The Guidance makes it clear that the scope of the: (a) wage-fixing prohibition will be interpreted to include the responsibilities, benefits, and policies associated with a job (e.g., job descriptions, per diem allowances, non-monetary compensation such as working hours, and other directives that may restrict an individual’s job opportunities; and (b) no-poaching agreements will include all forms of agreements between employers that limit opportunities for their employees to be hired by the other.
Contravention of Subsection 45(1.1) is per se illegal
Wage-fixing and no-poaching agreements that are “naked restraints” on competition, including “restraints on wages or job mobility that are not implemented in furtherance of a legitimate collaboration, strategic alliance or joint venture,” will be per se illegal under section 45(1.1).
What does per se illegal mean? Certain acts or agreements are deemed harmful to competition and are therefore illegal without requiring proof of anti-competitive effects.
Given that the Subsection 45(1.) is part of the criminal conspiracy provisions of the Act, the Crown must establish the offence “beyond a reasonable doubt” (i.e., the higher criminal standard of proof) before a defendant can be found guilty and subject to criminal sanctions.
That is not the end of it, though. Where the Crown can’t make a criminal case the Commissioner of Competition may civilly. That is – review wage-fixing and no-poaching agreements or other arrangements under the civil agreements provisions of the Act.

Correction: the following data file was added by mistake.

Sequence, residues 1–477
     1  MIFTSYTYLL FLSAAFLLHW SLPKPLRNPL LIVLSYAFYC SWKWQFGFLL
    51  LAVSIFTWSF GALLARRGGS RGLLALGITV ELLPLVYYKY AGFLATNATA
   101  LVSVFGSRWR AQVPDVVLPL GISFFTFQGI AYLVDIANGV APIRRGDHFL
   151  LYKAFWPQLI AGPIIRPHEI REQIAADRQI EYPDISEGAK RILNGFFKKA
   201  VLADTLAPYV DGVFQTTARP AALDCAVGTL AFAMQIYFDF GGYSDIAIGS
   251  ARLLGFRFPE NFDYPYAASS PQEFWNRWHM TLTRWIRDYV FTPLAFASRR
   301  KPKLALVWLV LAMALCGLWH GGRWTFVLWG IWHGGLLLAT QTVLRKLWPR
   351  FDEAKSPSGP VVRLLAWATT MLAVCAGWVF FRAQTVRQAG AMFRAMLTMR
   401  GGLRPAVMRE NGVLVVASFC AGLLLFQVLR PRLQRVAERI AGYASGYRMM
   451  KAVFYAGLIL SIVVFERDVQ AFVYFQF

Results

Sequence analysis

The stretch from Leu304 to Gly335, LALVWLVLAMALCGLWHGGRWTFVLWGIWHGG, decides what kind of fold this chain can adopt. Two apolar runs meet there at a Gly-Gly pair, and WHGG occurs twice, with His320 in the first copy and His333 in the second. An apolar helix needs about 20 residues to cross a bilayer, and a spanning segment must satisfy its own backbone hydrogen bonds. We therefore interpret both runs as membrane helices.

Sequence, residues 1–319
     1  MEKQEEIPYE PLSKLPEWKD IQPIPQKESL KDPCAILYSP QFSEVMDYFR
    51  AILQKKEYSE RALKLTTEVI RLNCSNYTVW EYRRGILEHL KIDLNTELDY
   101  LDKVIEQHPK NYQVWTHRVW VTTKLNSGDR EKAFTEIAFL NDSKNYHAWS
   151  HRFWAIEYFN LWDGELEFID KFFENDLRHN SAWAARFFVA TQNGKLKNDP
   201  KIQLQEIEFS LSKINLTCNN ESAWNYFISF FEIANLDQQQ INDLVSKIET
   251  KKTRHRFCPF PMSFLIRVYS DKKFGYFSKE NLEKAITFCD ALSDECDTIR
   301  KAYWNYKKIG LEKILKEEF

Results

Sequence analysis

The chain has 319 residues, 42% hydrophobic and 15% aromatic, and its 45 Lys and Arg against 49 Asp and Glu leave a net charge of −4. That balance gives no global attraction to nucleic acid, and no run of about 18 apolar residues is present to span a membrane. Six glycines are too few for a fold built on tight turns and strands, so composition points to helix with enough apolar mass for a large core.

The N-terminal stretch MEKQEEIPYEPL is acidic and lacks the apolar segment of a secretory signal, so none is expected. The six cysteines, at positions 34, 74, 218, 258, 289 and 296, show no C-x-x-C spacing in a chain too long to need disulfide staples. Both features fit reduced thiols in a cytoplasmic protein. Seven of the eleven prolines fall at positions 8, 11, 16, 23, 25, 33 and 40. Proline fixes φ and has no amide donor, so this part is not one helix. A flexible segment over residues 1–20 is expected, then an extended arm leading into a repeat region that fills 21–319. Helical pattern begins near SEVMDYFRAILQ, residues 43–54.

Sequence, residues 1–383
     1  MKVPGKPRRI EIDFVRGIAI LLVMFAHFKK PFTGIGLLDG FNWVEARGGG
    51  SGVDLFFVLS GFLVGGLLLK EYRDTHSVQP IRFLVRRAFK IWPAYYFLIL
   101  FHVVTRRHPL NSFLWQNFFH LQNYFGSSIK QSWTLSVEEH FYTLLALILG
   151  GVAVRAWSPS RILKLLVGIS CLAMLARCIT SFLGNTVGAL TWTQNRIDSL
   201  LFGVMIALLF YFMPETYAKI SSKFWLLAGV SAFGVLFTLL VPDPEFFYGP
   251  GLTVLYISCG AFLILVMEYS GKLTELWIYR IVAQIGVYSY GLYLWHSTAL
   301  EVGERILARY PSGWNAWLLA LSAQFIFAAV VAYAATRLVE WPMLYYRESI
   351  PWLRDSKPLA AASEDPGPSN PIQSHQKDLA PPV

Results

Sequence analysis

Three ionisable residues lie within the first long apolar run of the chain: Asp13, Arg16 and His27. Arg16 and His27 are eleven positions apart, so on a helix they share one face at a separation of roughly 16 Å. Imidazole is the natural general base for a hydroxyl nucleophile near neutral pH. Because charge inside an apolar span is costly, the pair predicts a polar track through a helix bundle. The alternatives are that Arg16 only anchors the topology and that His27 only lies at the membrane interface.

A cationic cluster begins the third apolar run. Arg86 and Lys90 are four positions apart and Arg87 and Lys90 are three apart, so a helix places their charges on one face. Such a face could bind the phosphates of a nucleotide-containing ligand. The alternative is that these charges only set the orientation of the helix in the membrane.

Enforcement of Section 45(1.1): employment relationship
The prohibition is limited in scope to employment-related agreements, namely agreements between unaffiliated employers about their employees. Whether an employer-employee relationship exists will depend on the facts, circumstances, and the relevant laws under which the relationship was entered into. Recall the distinction between employee, independent contractor, and dependent contractor relationships.
Notably, the Guidance expressly acknowledges the significance that non-solicitation clauses can play in the purchase of a business. In such circumstances the Bureau will generally not assess wage-fixing or no-poaching clauses that are ancillary to merger transactions, joint ventures, or strategic alliances under the criminal track given that there are distinctions between no-hire and non-solicitation clauses in the context of transactions or strategic alliances.